Most people don’t recognize the name First U.S. Volunteer Cavalry, but they are familiar with the unit’s legendary nickname: the Rough Riders. The flamboyant moniker evokes images of Theodore Roosevelt leading the heroic charge up San Juan Hill.
Massive casualties during the Civil War had severely depleted the country’s fighting strength. In order to replenish the ranks of the U.S. Army, the military created this famous cavalry unit. Once they were trained and equipped, the Rough Riders served honorably in Cuba. They were instrumental during the Spanish-American War, especially the battles of Santiago, Las Guasimas and San Juan. Former members and friends of the regiment collected funds to erect a memorial in memory of their fallen comrades. They also designed the memorial. President Roosevelt dedicated the monument in 1906.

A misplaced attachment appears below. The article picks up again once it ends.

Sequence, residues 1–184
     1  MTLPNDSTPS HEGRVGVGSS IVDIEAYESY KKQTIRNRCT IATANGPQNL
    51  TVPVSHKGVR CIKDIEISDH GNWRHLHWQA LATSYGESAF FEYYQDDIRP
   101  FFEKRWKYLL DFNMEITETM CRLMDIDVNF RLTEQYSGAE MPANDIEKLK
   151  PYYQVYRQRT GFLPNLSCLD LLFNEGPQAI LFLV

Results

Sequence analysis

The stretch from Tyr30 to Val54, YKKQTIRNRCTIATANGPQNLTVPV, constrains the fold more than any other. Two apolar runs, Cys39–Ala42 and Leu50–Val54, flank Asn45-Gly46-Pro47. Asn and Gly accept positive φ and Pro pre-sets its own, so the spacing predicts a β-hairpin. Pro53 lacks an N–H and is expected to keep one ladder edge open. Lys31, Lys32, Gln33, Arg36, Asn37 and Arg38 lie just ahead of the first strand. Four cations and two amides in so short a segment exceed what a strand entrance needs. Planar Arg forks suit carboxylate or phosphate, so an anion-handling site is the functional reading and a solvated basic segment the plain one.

The 10-foot tall obelisk sits atop a trapezoidal pedestal. There is a plaque on the front of the imposing, dark grey granite monument that lists the battles that the unit fought while serving in Cuba under the insignia of the First U.S. Volunteer Cavalry. The other facets of the memorial are engraved with the names of the sixty officers and enlisted soldiers who died during the war. The front face also contains an engraved sentiment stating that it is in memory of the deceased members of the Rough Riders.